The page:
For those who chastise you….ridicule you…..laugh at you…..well….just shake the dust off your feet…..go back to your Cathedral……go before the Blessed Sacrament and I suggest you read Acts….chapter 5…..verses 40 – 42. We ALL should. That should make you feel better. I know this, whatever you are doing has not worked over the last 30 years. Let’s see…..over 40 million children…..slaughtered….and that number continues to grow every day. Meanwhile ALL of the Catholic pro choice politicians continue to get a pass….and the Catholic leadership….hierarchy continue to do the same thing over and over again which basicallly translates as nothing. Don’t you just know how sick Our Lord must be over this.

  • bobm0001

    Catholics would have a lot more credibility in the discussion of the sanctity of life if it applied the same moral principles (From your statement:”No human being should be treated as lacking human rights, and we have no business dividing humanity into those who are valuable enough to warrant protection and those who are not.”) to politicians and Catholics supporting capital punishment. Unfortunately, you don’t and it makes your complaints seem one-sided and hypocritical.

  • mkochan

    No it isn’t because the application of capital punishment IS NOT an intrinsic evil. It is not evil in and of itself. Abortion is.

    Abortion is one of the handful of things that are non-negotiable. Things we are never allowed to cooperate with. Is a Catholic warden allowed by the church to cooperate with the application of a capital punishment? — yes, he is. He does not become guilty of a mortal sin by doing so, but cooperation in an act of abortion is a mortal sin.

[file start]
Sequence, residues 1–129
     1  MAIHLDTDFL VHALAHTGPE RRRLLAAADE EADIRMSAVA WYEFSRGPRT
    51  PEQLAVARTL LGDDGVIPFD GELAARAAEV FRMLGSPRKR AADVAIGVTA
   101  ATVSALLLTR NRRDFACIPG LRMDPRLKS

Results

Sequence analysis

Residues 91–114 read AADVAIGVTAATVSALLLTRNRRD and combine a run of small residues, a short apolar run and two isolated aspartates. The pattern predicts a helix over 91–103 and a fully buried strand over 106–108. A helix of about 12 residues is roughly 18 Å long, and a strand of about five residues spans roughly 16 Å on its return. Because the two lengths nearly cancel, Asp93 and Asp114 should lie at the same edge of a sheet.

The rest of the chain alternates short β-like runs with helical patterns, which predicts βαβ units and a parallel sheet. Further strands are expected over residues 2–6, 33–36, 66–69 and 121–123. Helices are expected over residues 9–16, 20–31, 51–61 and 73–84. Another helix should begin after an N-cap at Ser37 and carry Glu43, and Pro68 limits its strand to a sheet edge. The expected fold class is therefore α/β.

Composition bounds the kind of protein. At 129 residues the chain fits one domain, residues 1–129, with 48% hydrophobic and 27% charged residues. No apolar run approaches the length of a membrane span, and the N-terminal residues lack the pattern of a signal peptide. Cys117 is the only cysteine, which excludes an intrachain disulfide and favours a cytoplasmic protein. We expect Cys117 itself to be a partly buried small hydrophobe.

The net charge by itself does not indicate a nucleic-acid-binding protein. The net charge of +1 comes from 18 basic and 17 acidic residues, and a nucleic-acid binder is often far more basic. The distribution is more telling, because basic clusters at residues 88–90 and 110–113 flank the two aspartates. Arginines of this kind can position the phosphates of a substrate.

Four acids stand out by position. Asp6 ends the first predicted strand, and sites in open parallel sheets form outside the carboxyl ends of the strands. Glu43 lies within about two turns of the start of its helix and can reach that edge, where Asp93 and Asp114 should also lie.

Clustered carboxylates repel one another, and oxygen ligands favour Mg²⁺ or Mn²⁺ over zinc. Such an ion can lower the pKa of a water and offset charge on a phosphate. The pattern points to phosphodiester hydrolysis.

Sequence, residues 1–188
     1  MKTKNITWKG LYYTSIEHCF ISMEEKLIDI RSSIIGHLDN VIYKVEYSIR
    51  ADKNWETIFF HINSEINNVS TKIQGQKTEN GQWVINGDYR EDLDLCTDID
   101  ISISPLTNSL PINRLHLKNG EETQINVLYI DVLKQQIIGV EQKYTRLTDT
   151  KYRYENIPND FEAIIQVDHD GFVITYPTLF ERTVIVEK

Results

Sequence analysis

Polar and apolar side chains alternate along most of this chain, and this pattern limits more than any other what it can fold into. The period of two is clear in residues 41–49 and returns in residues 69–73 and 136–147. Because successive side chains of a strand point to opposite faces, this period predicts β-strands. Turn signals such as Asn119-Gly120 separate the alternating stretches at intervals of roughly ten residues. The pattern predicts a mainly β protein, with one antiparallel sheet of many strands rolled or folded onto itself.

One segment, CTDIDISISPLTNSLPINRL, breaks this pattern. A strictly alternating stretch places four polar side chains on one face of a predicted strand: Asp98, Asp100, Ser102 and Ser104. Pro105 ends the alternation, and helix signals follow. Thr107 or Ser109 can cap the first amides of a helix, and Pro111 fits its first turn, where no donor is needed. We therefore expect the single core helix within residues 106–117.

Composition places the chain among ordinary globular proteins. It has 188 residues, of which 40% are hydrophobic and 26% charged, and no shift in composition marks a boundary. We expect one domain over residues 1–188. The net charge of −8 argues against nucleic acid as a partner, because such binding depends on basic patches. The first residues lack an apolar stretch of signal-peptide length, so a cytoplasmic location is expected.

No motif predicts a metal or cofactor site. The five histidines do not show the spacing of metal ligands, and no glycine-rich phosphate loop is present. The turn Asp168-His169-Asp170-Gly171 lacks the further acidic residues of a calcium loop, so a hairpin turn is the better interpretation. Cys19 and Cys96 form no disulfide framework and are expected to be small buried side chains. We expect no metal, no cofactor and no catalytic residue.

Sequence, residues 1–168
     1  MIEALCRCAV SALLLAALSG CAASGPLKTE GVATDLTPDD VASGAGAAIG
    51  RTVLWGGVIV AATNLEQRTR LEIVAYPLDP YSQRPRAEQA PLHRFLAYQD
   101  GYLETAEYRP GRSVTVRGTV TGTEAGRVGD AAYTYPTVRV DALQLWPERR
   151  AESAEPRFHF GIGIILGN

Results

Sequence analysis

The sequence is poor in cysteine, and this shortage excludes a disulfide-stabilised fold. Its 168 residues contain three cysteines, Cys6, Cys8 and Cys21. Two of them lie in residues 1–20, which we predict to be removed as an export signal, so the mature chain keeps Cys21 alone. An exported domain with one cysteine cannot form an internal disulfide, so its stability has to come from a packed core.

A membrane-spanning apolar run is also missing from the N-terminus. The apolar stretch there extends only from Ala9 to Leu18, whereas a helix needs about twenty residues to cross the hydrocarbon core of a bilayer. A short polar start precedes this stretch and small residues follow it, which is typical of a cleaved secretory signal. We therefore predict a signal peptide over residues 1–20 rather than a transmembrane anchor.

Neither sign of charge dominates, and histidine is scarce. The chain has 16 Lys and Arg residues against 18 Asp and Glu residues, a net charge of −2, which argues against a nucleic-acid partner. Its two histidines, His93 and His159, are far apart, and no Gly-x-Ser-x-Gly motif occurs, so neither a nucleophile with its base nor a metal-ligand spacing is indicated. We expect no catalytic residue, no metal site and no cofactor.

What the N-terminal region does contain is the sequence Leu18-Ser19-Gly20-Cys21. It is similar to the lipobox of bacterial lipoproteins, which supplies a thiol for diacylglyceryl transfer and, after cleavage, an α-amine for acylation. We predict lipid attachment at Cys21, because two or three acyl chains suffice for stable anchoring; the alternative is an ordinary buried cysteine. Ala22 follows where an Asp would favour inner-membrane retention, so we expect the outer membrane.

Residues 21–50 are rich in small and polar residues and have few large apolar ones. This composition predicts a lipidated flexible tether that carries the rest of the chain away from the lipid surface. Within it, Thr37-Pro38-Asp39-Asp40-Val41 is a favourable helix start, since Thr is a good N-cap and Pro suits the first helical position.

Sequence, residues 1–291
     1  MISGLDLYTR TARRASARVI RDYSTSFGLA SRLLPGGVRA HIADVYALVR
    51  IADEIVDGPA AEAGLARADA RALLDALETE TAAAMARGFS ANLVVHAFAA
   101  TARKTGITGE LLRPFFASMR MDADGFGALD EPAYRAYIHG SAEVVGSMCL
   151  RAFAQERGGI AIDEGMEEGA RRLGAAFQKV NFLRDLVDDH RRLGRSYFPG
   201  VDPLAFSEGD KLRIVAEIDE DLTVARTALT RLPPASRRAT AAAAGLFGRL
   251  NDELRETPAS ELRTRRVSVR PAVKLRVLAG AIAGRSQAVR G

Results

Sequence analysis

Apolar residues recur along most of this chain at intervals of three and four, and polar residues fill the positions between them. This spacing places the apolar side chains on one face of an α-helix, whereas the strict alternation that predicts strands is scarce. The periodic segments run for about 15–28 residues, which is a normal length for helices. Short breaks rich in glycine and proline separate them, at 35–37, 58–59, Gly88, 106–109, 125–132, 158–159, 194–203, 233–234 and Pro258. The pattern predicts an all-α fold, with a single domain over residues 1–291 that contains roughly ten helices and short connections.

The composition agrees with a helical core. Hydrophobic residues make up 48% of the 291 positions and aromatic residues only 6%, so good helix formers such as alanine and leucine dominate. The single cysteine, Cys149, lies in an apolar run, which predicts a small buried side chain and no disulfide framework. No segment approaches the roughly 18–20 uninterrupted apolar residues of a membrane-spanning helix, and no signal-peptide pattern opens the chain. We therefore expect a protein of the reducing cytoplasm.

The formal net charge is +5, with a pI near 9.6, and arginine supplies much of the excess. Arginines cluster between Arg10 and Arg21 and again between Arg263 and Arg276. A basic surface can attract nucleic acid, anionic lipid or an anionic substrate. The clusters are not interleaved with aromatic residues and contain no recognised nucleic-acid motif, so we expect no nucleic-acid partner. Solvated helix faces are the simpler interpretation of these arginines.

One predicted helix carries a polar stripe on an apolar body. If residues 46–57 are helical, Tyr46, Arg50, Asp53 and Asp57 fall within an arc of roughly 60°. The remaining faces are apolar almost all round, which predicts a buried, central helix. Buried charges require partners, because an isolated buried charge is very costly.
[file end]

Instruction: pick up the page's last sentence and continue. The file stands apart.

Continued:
I am answering your question with the assumption that you are sincere and really have not considered the relative gravity of the dozens of deaths each year from the death penalty — at least the majority of which are carried out on murderers — vs the 10′s of thousands of innocent babies buthered in abortion.

    So what do you say now that you have considered it and seen the contrast in what the Church teaches on both? Please let us know, because I am sure that some readers thoght you were just another liberal hack so determined to vote for a pro-abort no matter what, that you were just offering a lame excuse, but like I said, I want to think that you are sincere.

  • bobm0001

    Of course I am sincere, but I extend my belief in the sanctity of life to all humanity. To me, the executioner who puts a criminal to death is just as guilty as a doctor who performs an abortion.

    Wouldn’t we be just as appalled if “only” a few dozen fetuses were aborted each year instead of thousands? To say that the lives of those on murder’s row are somehow worth less than others fly in the face of our teachings. Who am I to judge whether or not a person is truly contrite?